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Placebo effects: a new paradigm and relevance to psychiatry

Published online by Cambridge University Press:  02 January 2018

Daniel McQueen
Affiliation:
Royal Free Hampstead NHS Trust, London, UK, email daniel.mcqueen@virgin.net
Paul St John Smith
Affiliation:
Hertfordshire Partnership Foundation Trust, UK, email paulstjohnsmith@hotmail.com
Corresponding
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Abstract

Systematic evaluations show that placebo treatments can have large effects, sometimes larger than those of ‘evidence-based treatments’. This is the ‘efficacy paradox’. The neurobiology of placebo effects is being mapped out. Placebo effects are no less real or, in some illnesses, clinically important than the effects of direct biomechanical or pharmacological interventions. The technical model of medicine seeks impersonal technologies that can be applied independently of context and person. This approach has had spectacular success in the treatment of disease but meaning, cultural context, interpersonal effects, personal preferences and values are enormously important in the treatment of illness. The study of placebo reveals aspects of the biology of interpersonal relationships and the social environment. The evidence demonstrates that interpersonal healing (sometimes called placebo) in illness is just as real, scientific and biological as technological healing. This is a paradigm shift.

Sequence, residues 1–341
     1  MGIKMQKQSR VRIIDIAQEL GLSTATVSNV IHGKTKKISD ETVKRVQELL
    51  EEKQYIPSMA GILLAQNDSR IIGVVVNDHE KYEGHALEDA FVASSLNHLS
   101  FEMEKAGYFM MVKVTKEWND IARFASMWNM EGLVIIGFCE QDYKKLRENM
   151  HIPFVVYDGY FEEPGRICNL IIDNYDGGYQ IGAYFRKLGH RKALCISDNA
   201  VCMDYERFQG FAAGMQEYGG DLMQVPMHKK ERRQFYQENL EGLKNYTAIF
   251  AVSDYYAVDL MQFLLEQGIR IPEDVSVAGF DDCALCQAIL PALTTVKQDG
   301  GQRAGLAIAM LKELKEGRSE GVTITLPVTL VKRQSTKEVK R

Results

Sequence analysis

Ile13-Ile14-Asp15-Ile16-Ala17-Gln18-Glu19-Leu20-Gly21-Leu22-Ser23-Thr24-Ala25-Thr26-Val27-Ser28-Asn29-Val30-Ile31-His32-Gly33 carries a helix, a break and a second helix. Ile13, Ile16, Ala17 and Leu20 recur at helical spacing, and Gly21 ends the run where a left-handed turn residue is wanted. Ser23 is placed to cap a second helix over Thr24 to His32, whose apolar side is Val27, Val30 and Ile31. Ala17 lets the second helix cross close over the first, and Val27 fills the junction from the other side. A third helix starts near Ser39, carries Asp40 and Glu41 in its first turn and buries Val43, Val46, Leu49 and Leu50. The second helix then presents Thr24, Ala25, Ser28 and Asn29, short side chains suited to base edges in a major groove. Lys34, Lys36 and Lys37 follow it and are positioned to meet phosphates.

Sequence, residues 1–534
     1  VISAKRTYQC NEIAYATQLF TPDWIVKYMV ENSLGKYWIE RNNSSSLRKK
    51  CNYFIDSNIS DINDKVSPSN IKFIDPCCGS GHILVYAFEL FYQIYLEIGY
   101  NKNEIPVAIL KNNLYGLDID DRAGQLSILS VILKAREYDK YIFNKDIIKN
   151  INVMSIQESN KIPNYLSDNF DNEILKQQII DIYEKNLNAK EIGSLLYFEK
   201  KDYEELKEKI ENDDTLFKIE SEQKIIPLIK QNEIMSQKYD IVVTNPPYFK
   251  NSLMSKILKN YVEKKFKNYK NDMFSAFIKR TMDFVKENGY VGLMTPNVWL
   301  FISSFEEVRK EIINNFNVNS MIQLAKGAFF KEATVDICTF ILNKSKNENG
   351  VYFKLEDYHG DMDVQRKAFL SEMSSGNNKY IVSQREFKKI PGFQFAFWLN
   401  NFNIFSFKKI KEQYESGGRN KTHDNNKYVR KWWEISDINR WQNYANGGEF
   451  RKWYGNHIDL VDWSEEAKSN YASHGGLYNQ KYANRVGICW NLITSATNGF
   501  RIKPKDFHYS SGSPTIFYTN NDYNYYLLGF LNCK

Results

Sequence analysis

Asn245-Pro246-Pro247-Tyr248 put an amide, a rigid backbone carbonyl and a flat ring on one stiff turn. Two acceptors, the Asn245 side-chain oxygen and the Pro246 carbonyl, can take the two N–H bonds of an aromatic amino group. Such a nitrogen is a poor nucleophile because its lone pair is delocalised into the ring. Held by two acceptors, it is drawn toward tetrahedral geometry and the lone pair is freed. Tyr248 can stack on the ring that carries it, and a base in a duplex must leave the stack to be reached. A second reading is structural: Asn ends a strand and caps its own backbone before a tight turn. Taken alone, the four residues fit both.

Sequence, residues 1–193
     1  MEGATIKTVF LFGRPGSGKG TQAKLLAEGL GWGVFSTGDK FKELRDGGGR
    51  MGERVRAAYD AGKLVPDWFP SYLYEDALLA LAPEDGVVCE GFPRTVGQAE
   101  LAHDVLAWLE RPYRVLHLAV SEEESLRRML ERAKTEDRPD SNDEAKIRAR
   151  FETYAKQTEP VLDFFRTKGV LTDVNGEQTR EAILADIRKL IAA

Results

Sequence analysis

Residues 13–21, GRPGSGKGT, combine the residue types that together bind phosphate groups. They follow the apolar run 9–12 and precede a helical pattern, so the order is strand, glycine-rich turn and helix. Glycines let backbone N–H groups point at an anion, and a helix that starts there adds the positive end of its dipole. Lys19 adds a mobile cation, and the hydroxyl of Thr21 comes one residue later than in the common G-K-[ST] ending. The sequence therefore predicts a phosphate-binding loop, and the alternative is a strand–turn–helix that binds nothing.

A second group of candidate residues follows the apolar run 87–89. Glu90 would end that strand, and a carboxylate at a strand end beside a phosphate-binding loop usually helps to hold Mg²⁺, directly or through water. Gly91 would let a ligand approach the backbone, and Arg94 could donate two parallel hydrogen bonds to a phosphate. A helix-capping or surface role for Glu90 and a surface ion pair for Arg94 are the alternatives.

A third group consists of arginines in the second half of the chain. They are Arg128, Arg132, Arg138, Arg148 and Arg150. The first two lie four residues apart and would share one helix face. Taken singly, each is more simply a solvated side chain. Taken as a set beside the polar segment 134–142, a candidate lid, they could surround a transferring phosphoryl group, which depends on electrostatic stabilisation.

Type
Guest editorial
Creative Commons
Creative Common License - CCCreative Common License - BYCreative Common License - NCCreative Common License - ND
This is an Open Access article, distributed under the terms of the Creative Commons Attribution-NonCommercial-NoDerivatives licence (http://creativecommons.org/licenses/by-nc-nd/4.0/), which permits noncommercial re-use, distribution, and reproduction in any medium, provided the original work is unaltered and is properly cited. The written permission of Cambridge University Press must be obtained for commercial re-use or in order to create a derivative work.
Copyright
Copyright © Royal College of Psychiatrists 2012

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